At the end of treatment, many cancer survivors have mixed emotions: grateful for treatment but happy to be done; excited to move on, yet scared, worried, or anxious about the future.

Some people want to return to the life they were living the moment before their diagnosis; others reassess what’s important and what’s next. 

The National Cancer Institute (NCI) provides guidance for coping with life after cancer and staying healthy—both physically and mentally. Below are a few key takeaways to help survivors and their loved ones prepare for the next stage. 

Talk to your health care team

It’s likely that you already have a follow-up care plan, but if not, make sure to ask for one. There are also some additional things you and your care team can do.

Whether you’re worried about symptoms you’re experiencing or are anxious about your cancer returning, speak up. Your health care team can give you the facts about your type of cancer and the chances of it returning. Just talking about your symptoms may help calm your fears. 

Also make sure to write down your questions and anxieties as they come up. This can help you manage your concerns and provide a useful list to help you manage your next follow-up. 

However, if thoughts about cancer returning start to interfere with your daily life, you may want to reach out to a counselor or therapist who specializes in treating cancer survivors. 

Take care of your mind and body

Eddie Harris, who was diagnosed with testicular cancer at just 25 years old, says his number one suggestion is to surround yourself with a good group of people. 

“It was important for me to let those in my inner circle know what I was thinking and feeling in those first few months following treatments—and to tell them what I needed,” Eddie says. 

In addition to your family and friends, online and in-person support groups can offer an additional kind of help. 

Limiting stress is also key for survivors. Relaxation exercises, meditation, and yoga can all help with stress management.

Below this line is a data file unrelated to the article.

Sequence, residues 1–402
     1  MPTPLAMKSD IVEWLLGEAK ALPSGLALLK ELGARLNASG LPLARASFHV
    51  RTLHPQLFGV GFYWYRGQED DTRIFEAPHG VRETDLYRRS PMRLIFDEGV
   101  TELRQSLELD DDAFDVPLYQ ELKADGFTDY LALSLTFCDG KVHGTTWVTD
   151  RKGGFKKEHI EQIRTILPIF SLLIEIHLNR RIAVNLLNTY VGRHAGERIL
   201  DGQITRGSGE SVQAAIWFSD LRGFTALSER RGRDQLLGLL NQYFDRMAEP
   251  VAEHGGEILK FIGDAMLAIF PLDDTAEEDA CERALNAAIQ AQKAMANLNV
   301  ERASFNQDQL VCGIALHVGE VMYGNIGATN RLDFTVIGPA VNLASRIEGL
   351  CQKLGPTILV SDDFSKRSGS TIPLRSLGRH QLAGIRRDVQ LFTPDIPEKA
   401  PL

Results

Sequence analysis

Amy Fenske, who is a survivor of stage IV melanoma, tries to stay in the moment to help manage her stress. 

“Nothing has forced me into the present more than cancer,” Amy says. “[My diagnosis] was a huge wake-up call to what’s important.”

Additionally, moderate exercise such as walking, biking, or swimming is a good way to feel better mentally and rebuild strength and endurance. Be sure to first check with your provider before starting or stopping any exercise routine. 

Giving back

Volunteering in your local community or even helping other cancer survivors or patients can be a good way to give back and feel connected. Some activities include joining or leading a support group, contributing to an advocacy effort, or participating in a clinical trial.

Before giving back, make sure you feel emotionally ready and are not pushing yourself. 

Food for thought: What you eat matters

After your treatment, eating well can help you regain strength, rebuild tissue, and feel better overall. Here are some tips for healthy eating:

  • Work with a dietitian to create a nutritious, balanced eating plan.
  • Eat a variety of foods from all of the food groups.
  • Choose high-fiber foods, such as whole-grain breads.
  • Limit red meats.
  • Limit alcohol to no more than one (for women) or two (for men) drinks per day.

For more information, check out NCI’s resources for cancer survivors.